Sunday, May 3, 2009

Smokies After Dark


During my recent trip to the Smokies I stayed out after dark on 2 occasions. This was one of them, it’s the old Mill at Roaring Fork.

I’m a big fan of Lightpainting and have introduced the technique to many of my friends and a few workshop students. Lightpainting the landscape is somewhat difficult to tech. You need to be aware of and juggle the variables, strength of your light source, and color temperature of your light source when using multiple lights. At the same time you are dealing with diminishing light as evening becomes night. You also need to constantly adapt to the changing conditions.

In general my formula is:

Start 10 minutes after sunset and shoot for the next 20 to 30 minutes. During this time keep refining your technique and check your histogram. It is quite easy to blow out your highlights. Shooting beyond this time you lose the slight blue color in the sky.

It is not necessary to “paint” every aspect of the composition. In general the subject is not meant to look like a “flash” picture. Paint your subject with light using brush strokes.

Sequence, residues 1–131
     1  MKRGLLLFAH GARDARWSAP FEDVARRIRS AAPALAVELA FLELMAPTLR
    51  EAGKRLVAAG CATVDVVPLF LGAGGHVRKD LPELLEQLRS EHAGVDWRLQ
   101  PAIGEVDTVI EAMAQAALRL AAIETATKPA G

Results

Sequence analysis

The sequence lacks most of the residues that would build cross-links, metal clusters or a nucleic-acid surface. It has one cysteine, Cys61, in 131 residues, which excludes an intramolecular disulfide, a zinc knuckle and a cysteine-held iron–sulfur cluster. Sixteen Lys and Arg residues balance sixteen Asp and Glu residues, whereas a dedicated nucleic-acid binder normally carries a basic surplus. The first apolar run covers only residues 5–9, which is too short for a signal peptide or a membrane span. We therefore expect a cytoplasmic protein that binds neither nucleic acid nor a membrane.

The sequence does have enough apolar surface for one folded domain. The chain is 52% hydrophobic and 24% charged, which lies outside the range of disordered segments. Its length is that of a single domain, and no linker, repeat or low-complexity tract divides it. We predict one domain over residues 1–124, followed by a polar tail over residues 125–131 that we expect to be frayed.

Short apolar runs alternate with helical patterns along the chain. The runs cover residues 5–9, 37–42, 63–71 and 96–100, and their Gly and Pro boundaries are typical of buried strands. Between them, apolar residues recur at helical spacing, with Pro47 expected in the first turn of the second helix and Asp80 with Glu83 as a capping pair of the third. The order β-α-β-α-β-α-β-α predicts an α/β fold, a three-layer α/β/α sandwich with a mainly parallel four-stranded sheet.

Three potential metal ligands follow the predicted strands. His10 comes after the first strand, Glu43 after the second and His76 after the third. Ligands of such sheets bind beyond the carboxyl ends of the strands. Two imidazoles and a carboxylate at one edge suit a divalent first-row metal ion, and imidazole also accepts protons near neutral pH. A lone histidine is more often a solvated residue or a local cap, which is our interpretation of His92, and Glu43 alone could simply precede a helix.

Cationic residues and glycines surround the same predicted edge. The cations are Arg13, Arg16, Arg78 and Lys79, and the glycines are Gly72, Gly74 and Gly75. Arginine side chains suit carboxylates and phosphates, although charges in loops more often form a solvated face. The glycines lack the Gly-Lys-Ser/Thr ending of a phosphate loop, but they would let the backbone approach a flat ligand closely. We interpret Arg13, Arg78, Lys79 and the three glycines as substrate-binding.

In regard to my picture above, I consider it a “fun” shot. The light source was a 2 million candle power spotlight with a homemade snoot. It was probably a little more light than I needed, but you work with the tools at your disposal.

If you decide to try this, consider that many parks are not open after dark and the average park ranger is going to assume you are spotlighting wildlife and respond accordingly.

If you want to learn about Lightpainting one of the best resources on the web is Dave Black’s site.
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